Programme Manager, Emily Tomkys Valteri builds on the previous blog, Safeguarding: Communities trust in our ability to listen, react and respond is key.
Together with Sonder Collective, Oxfam is working on a research initiative dedicated to better understanding misconduct reporting. This research will build capacity to incorporate human-centred design principles into this process. It will seek to map user journeys of community members and field staff so that we can better identify gaps and needs relating to perceptions of and experiences with misconduct reporting.
A key driver for us with the research is that as a sector, we do not currently hear much in terms of misconduct reporting (sexual harassment, abuse, fraud) directly from the people we work with in communities. There isn’t a system that refers feedback (misconduct or programmatic) effectively. As a sector we lack an integrated process for coordination between key actors working alongside each other in the same location. Standard programme feedback can be blurred with misconduct reporting which makes it challenging to provide safe data flows for sensitive content.
From the onset, Oxfam and Sonder have been co-designing and creating together. This began with an intent workshop, where safeguarding, anti-corruption, accountability, information communication technology in programme and protection staff came together.
We identified the following priorities:
- Building trust: by identifying existing routes or trusted reporting lines.
- Flipping power: by creating a safe and enabling environment to really listen, before acting. Priority focus should be on real consent, confidentiality and community understanding. Our aim is for people to know what will happen to their data.
- Closing the feedback loop: by being in communication with communities not only after matters are addressed but throughout the process when they are being managed. This also includes referrals and reports beyond Oxfam, as we would only be dealing with half the problem if we only looked at Oxfam.
- Prioritising confidentiality: and ensuring that all data is stored and managed responsibly.
- Understanding the context: by gaining deep insight into norms and customs around what should be reported, by whom and why.
- Safety of community members: and the ability to maintain it. This means that we understand the specific risks that may come with reporting across all contexts.
During the workshop, we narrowed down and collectively specified the two main groups of individuals that we will engage with during this research. This decision was informed by conversations around understanding the various pathways to speaking up about misconduct.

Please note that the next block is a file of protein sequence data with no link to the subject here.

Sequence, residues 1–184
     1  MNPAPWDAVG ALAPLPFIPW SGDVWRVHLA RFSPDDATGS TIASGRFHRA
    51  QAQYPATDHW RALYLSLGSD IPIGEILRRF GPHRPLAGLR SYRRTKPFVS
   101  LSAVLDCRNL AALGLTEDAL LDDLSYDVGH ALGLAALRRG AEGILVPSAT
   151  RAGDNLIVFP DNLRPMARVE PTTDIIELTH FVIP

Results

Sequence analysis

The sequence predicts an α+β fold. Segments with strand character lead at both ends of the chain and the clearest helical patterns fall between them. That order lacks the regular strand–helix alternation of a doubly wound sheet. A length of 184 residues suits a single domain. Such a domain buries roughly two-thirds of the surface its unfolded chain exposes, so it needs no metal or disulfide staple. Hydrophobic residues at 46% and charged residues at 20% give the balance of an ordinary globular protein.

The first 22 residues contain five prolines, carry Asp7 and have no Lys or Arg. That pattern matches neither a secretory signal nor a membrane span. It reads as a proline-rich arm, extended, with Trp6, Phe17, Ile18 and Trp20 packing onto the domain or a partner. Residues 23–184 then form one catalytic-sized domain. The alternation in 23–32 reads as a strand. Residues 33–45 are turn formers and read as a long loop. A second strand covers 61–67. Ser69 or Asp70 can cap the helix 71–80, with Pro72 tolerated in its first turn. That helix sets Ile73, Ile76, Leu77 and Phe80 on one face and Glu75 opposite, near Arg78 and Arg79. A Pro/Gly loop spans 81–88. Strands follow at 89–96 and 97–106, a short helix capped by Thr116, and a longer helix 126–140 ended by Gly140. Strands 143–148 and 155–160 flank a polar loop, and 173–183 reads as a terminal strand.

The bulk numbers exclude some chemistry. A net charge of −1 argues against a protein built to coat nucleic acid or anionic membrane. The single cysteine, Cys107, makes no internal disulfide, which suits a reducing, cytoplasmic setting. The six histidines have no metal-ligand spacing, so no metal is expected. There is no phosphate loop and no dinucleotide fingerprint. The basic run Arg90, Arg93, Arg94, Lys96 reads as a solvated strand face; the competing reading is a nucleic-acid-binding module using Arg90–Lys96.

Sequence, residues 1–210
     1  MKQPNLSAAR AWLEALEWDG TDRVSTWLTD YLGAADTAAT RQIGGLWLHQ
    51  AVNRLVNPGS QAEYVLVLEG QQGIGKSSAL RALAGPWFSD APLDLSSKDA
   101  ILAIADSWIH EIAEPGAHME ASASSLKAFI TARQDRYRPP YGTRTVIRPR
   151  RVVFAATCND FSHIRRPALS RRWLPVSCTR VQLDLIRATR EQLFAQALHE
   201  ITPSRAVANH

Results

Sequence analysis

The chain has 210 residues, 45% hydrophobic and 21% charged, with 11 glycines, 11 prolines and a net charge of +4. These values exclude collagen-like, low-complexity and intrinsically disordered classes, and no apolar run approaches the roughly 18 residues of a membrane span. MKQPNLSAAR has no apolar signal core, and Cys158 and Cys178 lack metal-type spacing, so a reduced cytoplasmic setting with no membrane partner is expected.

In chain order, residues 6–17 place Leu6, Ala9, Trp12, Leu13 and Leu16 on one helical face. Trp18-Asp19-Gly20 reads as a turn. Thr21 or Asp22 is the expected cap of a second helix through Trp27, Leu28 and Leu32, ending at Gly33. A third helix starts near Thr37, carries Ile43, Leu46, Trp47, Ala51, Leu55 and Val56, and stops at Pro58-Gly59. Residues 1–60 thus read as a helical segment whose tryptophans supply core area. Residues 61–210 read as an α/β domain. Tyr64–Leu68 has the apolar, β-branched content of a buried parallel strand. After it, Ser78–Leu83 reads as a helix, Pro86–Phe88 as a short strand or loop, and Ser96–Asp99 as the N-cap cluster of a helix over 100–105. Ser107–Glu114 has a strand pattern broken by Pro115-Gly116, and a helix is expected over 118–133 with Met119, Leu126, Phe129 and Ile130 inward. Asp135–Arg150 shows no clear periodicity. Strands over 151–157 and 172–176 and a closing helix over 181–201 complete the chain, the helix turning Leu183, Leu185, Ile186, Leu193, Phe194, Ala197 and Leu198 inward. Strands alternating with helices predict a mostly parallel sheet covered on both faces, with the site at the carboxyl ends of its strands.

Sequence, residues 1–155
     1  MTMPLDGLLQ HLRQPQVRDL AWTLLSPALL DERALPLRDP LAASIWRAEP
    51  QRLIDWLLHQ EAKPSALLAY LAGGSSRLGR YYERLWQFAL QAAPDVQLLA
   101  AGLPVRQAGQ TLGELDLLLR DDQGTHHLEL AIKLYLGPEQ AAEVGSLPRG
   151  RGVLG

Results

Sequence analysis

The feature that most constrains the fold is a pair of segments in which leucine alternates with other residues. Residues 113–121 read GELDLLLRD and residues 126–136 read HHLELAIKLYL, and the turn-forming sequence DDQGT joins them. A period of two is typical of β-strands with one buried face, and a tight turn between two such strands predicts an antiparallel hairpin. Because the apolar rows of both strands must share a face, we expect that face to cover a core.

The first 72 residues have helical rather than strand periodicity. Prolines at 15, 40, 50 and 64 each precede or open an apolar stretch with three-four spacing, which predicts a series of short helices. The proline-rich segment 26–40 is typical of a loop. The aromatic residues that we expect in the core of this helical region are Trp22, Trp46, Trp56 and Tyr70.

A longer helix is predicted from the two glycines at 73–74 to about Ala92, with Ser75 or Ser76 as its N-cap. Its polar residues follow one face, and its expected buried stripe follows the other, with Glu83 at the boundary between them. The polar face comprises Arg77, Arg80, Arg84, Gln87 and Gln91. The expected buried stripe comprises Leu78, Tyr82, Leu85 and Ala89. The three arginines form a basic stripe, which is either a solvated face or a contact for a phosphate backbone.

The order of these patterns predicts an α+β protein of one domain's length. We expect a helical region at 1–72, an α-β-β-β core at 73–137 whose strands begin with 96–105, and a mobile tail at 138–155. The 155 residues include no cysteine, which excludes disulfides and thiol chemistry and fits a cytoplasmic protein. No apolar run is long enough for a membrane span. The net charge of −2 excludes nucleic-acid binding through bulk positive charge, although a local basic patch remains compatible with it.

We decided to focus our research on community members and general field staff. Community members are those who reside in the local communities and engage with Oxfam. General field staff are those who have the most contact with community members, both Oxfam and partners. We chose these groups because they will provide us with the deepest insights around the preferences and needs related to misconduct reporting.
We will focus this research to understand the barriers to speaking up for community members, and the barriers to reporting for field staff. Specifically, this work’s scope will focus on experiences of misconduct. This includes sexual harassment, sexual exploitation/abuse, fraud and corruption.
We will remain open and listen without prejudice to enable understanding of any reporting channels that may emerge over the course of research. We recognise that people won’t make distinctions between feedback channels versus misconduct channels. It is down to us, as a sector, to enable reporting of all kinds and provide specialist safe data flows for sensitive content.
We hope that this research will contribute to the sector’s improvements in managing misconduct reporting more effectively in the contexts in which we and other INGOs work internationally. Our ideal vision for the future would be that community members know how to report misconduct (in)to systems which they trust and find easy to access and use. The systems themselves need to be survivor-centred, designed locally with local GBV/safeguarding experts.